Jaws III (1983) Directed by Joe Alves. With Dennis Quaid, Bess Armstrong, Louis Gossett Jr, Lea Thompson, John Putch and Simon MacCorkindale.
Despite being utterly terrible, there is something oddly watch-able about Jaws III. To some degree, I suspect I’m guilty of giving in to nostalgia, but I couldn’t help but find it passable comfort viewing, on some messed-up level. Apart from a tenuous link to the Brody family (Dennis Quaid plays a grown-up Michael Brody) Joe Alves’ film (his only one) divorces itself from Amity Island and relocates to a fictional version of SeaWorld, complete with an ‘Underwater Kingdom’, filled with a wide menu full of potential meals for a hungry Great White Shark.
One of the things often said against the Jaws films, is that the Great White Shark never looked that great. I’d beg to differ, especially in the first film. However by Part III, it really has started to look silly. It doesn’t help that the film features some of the worst 3-D in cinema history, with the shark itself reduced to a laughing stock in terms of threat level. Then again, the overall film is so weak, that the crappy 3-D lends a little ‘fun-bad’ charm that allows you to have a bit of a giggle here and there.
The excitable young cast do their best to keep things perky, and the resort location offers a summer holiday camp feel, which adds a layer of appeal. The problem is that the plot is wafer thin and the execution is so second-rate, that when John Williams’ reproduced iconic two-note Jaws theme kicks in, you’re pining for the Spielberg classic.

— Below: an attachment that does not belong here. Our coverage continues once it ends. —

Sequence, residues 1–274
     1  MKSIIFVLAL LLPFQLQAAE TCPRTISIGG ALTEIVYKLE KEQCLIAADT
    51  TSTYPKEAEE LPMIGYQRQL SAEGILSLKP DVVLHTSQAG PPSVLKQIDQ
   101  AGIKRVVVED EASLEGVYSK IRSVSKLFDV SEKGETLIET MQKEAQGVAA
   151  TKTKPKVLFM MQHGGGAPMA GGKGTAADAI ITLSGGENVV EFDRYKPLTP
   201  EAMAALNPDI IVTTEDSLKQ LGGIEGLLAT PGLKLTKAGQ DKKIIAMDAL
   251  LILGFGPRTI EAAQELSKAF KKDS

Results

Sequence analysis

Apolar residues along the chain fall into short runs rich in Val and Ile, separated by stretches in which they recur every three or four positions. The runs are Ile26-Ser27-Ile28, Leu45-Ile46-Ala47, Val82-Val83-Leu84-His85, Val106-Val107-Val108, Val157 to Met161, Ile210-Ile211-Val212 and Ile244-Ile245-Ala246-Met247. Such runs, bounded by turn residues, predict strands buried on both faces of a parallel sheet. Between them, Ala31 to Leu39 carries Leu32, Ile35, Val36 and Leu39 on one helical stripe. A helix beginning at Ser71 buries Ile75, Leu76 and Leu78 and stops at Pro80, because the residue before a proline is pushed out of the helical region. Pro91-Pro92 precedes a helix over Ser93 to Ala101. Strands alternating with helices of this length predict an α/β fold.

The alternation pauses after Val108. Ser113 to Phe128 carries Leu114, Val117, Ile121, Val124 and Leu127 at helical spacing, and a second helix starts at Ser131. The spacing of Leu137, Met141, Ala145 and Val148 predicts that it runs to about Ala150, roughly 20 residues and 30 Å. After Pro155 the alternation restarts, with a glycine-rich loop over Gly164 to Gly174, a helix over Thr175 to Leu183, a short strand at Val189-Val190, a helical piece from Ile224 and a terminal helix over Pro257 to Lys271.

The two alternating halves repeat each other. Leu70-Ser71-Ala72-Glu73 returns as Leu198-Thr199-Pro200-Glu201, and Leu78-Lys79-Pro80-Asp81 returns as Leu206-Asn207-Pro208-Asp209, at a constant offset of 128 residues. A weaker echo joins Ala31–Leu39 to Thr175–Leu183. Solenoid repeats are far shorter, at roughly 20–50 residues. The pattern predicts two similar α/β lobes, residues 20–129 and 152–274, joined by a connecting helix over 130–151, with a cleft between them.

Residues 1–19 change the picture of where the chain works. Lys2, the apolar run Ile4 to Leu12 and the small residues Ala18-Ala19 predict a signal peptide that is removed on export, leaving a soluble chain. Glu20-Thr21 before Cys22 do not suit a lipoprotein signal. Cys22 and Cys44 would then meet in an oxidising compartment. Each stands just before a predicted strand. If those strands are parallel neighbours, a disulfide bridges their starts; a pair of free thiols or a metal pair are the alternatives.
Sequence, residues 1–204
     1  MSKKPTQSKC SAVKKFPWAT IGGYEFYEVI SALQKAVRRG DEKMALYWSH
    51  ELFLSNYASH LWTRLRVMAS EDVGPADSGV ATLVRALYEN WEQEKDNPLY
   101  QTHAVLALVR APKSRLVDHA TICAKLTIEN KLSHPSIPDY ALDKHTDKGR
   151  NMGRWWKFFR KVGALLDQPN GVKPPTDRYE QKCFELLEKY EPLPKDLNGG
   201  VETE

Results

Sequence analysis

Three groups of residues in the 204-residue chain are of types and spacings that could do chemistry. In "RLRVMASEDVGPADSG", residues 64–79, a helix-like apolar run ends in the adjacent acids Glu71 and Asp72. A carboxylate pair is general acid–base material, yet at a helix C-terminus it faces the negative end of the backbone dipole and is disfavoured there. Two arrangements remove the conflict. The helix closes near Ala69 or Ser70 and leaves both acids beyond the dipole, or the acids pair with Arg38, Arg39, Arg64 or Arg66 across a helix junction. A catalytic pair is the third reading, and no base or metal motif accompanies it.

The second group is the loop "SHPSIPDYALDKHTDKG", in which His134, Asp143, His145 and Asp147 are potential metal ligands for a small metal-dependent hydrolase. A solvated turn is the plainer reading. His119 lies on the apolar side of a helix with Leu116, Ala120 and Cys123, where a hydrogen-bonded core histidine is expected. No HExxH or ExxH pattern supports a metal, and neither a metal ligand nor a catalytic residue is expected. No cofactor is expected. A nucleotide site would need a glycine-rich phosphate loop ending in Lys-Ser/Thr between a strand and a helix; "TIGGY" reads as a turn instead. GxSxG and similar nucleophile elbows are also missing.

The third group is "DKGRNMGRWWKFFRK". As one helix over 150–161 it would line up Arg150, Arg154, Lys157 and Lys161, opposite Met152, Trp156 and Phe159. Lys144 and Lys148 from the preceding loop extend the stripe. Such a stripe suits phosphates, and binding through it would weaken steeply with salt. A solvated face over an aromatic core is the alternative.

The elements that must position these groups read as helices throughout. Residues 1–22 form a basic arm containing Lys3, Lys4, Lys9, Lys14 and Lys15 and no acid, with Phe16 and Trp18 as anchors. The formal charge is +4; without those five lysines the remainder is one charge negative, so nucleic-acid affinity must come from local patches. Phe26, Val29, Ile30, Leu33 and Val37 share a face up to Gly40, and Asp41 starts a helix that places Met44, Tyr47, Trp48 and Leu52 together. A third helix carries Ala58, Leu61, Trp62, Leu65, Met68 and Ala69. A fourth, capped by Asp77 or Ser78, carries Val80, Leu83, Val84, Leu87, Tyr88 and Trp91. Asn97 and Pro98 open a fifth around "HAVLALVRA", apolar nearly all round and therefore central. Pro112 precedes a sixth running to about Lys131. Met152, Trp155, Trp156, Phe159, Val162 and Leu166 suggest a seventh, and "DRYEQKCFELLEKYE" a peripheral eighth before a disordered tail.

This is a film that no-one seems to like, yet it still gets constant TV repeats here in the UK (ITV4 screened it twice this week). Maybe we all secretly enjoy it as a throwaway 1980’s creature feature. As it was playing live, a quick glance at Twitter threw up an array of commenter’s laughing at its aged aesthetic and dodgy effects. Yet, somehow, many of the comments were tinged with a nuance of affection.
In the end, Jaws III is guilty of jumping the shark. Which is an appropriate way of saying it isn’t very good. It’s also the first shark film I’ve ever seen, where I feel fairly confident that I could out-swim the shark. And I’m a rubbish swimmer. 2/5